Served with arugula.

Cook the French lentils in lightly salted water and bring to a boil. Turn heat down to a simmer in a covered pot for about 12-15 minutes or until soft, but do not over cook. Rinse and set aside to cool. Finely chop red onion(add more onion depending on mood or taste), celery,capers, herbs and dates. Toss in a large mixing bowl. Add lentils when cooled.

Prepare dressing. Mix vinegar, olive oil, and seasoning according to taste. Kaija loves the combination of cumin and lentil, so she often adds more cumin and doubles the amount of crushed red pepper. It gives the salad a wonderful dimension.

This salad can be served with greens. Kaija prefers peppery arugula, but is could be served with sea salt massaged kale as well.
To use leftovers, mix about 2 cups of lentil salad with an egg and fry into small “pancakes”. Serve with roughly chopped tomatoes. Delicious.

herbs and grainsdining room

And so, even though the last post had many pictures of abandoned homes and buildings, so many more are occupied and full of innovation.

Detroit Series: A Bankrupt City

Finding Funnel Chanterelles from bear forest

by tableofcolors

I have always been a city girl in my heart. It was not until I was an adult that I was introduced to a real forest, a place far from civilization, not just the little patch of woods in a parkway just down the road. For one year during the early years of our marriage we actually lived in the middle of this wilderness due to my husband’s work. To tell you the truth, I was a bit terrified of going on walks since I knew that bears inhabitated these woods. The town school was just two kilometers from where we lived at the time. I often would walk and pass the school with our oldest daughter who sat in the stroller still at that time. So small was she then. Feels like it was yesterday.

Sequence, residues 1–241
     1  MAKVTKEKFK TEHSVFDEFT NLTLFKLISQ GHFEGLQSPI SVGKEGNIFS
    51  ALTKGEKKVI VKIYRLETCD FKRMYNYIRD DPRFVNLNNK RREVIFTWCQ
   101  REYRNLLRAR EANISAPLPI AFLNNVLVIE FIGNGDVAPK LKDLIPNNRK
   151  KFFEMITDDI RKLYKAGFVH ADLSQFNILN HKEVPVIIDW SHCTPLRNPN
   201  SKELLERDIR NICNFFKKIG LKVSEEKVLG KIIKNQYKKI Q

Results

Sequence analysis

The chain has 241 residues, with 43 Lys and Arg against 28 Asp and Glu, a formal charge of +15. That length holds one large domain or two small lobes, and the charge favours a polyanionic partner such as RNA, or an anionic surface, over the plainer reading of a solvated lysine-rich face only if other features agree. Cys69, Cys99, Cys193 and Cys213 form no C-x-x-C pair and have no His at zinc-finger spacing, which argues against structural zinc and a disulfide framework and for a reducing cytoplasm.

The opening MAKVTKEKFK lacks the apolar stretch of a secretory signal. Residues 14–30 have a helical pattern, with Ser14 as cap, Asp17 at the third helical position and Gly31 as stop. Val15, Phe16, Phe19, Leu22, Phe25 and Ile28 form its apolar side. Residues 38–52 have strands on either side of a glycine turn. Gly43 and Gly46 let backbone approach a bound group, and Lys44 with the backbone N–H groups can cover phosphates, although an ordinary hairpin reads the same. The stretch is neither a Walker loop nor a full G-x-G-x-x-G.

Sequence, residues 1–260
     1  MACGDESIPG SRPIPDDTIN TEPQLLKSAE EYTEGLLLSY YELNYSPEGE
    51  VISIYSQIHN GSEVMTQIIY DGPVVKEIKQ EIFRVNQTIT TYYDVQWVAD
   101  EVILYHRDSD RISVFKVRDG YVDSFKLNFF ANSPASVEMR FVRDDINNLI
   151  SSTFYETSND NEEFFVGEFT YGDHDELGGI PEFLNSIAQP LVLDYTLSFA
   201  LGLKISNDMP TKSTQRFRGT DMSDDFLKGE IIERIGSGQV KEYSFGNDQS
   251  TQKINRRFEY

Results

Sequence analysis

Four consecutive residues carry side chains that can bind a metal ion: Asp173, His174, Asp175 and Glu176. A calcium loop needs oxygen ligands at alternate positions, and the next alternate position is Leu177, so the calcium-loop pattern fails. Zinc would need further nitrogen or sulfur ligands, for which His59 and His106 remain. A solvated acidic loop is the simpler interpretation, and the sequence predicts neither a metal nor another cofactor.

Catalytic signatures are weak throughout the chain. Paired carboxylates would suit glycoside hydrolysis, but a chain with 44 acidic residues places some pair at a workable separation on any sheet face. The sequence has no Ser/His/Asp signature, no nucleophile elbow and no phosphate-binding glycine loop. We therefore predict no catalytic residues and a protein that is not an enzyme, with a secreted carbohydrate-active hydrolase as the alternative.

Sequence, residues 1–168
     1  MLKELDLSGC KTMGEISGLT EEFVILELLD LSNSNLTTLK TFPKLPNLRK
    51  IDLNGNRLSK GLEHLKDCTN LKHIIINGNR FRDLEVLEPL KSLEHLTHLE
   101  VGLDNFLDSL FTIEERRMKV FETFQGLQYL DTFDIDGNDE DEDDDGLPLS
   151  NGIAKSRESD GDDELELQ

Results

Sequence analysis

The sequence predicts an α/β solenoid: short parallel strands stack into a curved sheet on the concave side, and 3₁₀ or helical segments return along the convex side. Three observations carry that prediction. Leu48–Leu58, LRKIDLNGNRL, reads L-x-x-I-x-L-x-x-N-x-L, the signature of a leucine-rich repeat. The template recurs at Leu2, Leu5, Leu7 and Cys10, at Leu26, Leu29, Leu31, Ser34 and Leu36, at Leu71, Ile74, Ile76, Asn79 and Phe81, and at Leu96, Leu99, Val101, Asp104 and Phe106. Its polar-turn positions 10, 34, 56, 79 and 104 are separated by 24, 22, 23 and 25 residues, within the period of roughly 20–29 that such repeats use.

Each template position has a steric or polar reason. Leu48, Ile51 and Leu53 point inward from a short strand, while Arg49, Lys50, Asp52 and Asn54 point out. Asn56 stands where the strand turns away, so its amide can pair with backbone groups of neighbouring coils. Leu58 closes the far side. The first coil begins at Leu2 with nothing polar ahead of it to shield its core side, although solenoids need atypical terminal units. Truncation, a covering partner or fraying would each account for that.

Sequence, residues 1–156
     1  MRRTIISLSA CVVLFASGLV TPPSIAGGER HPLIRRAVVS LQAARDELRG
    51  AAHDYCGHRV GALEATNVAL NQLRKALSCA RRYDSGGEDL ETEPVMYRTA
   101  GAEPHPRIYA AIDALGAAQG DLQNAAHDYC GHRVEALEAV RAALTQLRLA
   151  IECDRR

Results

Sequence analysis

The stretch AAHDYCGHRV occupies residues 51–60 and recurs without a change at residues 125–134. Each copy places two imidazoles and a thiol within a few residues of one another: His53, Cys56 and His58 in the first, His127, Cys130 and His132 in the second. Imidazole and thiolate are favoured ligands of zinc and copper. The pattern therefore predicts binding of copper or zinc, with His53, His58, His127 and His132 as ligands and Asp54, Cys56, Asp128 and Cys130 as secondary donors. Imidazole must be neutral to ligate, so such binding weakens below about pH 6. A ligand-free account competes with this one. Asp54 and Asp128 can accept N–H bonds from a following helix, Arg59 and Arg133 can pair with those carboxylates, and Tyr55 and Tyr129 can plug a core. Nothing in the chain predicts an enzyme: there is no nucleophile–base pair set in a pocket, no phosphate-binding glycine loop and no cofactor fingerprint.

I had heard a story that once when the teacher was letting the kids out for recess, she all of a sudden told everyone to stay inside. There was a mama bear and her two cubs walking across the yard. I believed the story since not too far away, about halfway between our little home and the school, a bear had crossed the road leaving it’s large paw prints in the sand. We happened to drive by shortly after it happened and chatted with a few people that had seen it. But I had decided that I was not to be imprisoned in the apartment, and so nearly each day we would take our walks and I would keep my fingers crossed and occasionally cough to try keep the bears at bay.

In these same woods, we have sometimes gone exploring for mushrooms. Usually it is my husband who goes as he knows all of the good places but sometimes when I have the chance I go along. The funnel chanterelle (Craterellus tubaeformis) come up after the chanterelle mushroom season and sometimes they may be a bit hidden, but if you find one you will most likely find a whole patch to fill up your basket.

funnel chanterelle

This dish is really so simple but the flavors are fantastic. Our mushroom season is over now but when we still had fresh ones, we dried a part of them and some of them we fried with a bit of butter and then packed using the vacuum packer. They make a wonderful sauce. The savoy cabbage is quick roasted, rounding out the flavor and making a warm salad of sorts as a side.

Funnel chanterelle sauce with leeks

funnel chanterelles
1/2 of a leek, finely sliced
a knob of butter (30 g/10.5 oz)
2 dl/1 c cream
1/2 dl/ 1/4 c milk
or alternatively you may use half and half
rosemary
thyme
black pepper
salt

On a large frying pan, cook the mushrooms, leek and herbs with the butter until the water has evaporated so that it snaps and crackles just a bit. Pour on the cream and milk and allow to gently bubble for a few minutes. Serve over boiled potatoes and roasted Savoy cabbage.

mushroom sauce

Roasted Savoy Cabbage Salad

Savoy cabbage cut into wedges
olive oil
balsamic vinegar
salt
black pepper

Place the wedges of Savoy cabbage on a lined baking sheet. Drizzle with olive oil and balsamic vinegar. Sprinkle with salt and pepper. Bake in the oven at 175C/350 for about ten minutes.

savoy cabbage

Purple

by tableofcolors

As the season turns from one of brights yellows, reds and oranges the colors fade towards shades of grays, browns, and purples. Even my yellow mums turned purple as the cold nights arrived. The autumn here was a beautiful one, with quite little rain making for vibrant colors. Sometimes the fall rains arrive very early and it seems like the dark season before the arrival of snow is a long time and even a bit dreary. When the rains arrive early even the trees seem to match the mood and turn into earthy brownish tones. In some ways the darkness can be a relief. No need to be effiecient for sixteen hours a day since even the finger prints on the glass seem to hide. Just let the darkness envelope the house and light the candles and lanterns outside.
purple chrysanthemums